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When you hire a salesperson for your team, you can never be sure whether you’ve made the right choice. A mistake can cost the company a lot of money, yourself a lot of sleep, and waste everyone’s time. So taking a few precautions during the hiring process is a very wise decision. Here are some steps you can take to help prevent hiring disasters.
Check the Job Description
When you decide to bring on a new salesperson, odds are that you just grab the old job posting out of the drawer — or off your hard drive — and use that. But before you do, give it at least a quick read-through to confirm that your posting actually says what you want it to. If you’ve been using the same job description for years, it may well be obsolete in several areas. Needless to say, it’s also a good idea to check for spelling and grammar issues. These seemingly minor typos can be a major turnoff for some very good candidates.
Review the Qualifications
After you’ve publicized your job opening, you’ll probably get more than your share of resumes. So before you start wading through the blizzard of applications you can save yourself a lot of time by determining exactly what you want. Write down your minimum requirements for the job, and under that list any desired requirements that you don’t require but would consider a bonus. You can then use your list to narrow down the application pile fairly quickly. Such a list is also useful for prioritizing the ones that do qualify at a minimum level.
Use Consistent Interview Questions
Write out your interview questions well in advance, and use that same set of questions for every interview you conduct. That gives you a chance to compare apples to apples, since you can see how each of your top candidates answered the same questions. Of course, if something else occurs to you in mid-interview, go ahead and ask. But the core set of questions should be the same for everyone.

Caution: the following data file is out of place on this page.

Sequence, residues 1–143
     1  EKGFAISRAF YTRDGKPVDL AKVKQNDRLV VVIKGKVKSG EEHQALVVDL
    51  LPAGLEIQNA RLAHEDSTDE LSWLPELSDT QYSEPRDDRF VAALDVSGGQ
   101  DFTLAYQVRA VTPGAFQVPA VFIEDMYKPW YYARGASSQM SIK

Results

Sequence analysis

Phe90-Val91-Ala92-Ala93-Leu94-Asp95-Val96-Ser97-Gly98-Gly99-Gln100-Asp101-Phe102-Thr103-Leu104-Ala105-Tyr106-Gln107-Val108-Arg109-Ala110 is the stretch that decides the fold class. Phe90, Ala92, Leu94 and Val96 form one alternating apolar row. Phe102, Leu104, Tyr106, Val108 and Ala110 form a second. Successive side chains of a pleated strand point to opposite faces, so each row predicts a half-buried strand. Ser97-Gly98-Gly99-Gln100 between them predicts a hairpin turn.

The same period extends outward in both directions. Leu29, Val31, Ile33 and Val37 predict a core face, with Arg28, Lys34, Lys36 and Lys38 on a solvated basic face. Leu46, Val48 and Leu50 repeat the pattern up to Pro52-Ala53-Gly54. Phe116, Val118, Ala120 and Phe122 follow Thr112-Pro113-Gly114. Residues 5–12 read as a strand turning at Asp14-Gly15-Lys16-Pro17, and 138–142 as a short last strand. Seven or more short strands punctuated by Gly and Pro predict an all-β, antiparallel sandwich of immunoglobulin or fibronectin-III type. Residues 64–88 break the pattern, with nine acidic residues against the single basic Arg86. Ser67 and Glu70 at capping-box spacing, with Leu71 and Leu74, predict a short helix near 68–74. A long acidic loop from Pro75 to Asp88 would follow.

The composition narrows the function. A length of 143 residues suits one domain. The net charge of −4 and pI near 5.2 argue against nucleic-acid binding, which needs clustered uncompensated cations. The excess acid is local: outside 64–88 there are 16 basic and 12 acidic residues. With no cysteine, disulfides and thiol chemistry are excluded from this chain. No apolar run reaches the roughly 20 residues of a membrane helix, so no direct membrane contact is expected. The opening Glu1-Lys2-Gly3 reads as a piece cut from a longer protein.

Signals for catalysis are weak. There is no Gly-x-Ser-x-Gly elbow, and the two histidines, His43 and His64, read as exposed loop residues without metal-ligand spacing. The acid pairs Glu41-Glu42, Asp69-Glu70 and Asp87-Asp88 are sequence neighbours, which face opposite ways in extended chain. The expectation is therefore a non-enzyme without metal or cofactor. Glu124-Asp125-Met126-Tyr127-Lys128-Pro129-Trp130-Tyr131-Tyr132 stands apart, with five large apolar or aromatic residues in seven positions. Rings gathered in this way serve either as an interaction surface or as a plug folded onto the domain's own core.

Ask Open-Ended Questions
A job interview definitely counts as a sales situation, and just as in a sales presentation, open-ended questions help you to extract more information than close-ended ones. In fact, you’ll often end up finding things out that you’d never have though to ask for specifically. These unexpected tidbits are often the bits of information that help you the most in making your final decision. At least one or two of your questions should be “story” questions that elicit a long response. For example, you might ask a candidate what his sales process consists of from beginning to end, or ask them to show you their current sales pitch.
Gauge Overall Appearance
A good salesperson needs to present a professional demeanor. Her clothes should be professional, neat, and not overdone. Her body language should project confidence but not arrogance. She should above all seem likeable, and be able to build rapport with you. Someone who uses bad language, is unkempt, or generally seems off is probably not going to be successful selling for your company.
Test His Sales Skills
An interview is an excellent opportunity to test the candidate’s sales skills, since he should be able to sell himself effectively as a candidate. You can observe him in action by using the same kinds of delaying tactics that a hesitant prospect would use, and seeing how he responds. For example, a certain VP of Sales for a Fortune 500 company likes to test candidates by standing up midway through the interview and announcing, “I’m sorry but I don’t think this is going to work out. Good luck to you.” Then he observes how the candidate handles this objection.
About the author
My first sales position was a summer job selling vacuum cleaners door-to-door. I continued through a variety of sales jobs ranging from retail sales for a storage company to selling bank products for a Fortune 500 financial institution.
As a small business owner, I now focuses on selling for my own company, Tailored Content, a website content provider. I write on a wide range of topics but my primary focus is sales and how to sell effectively.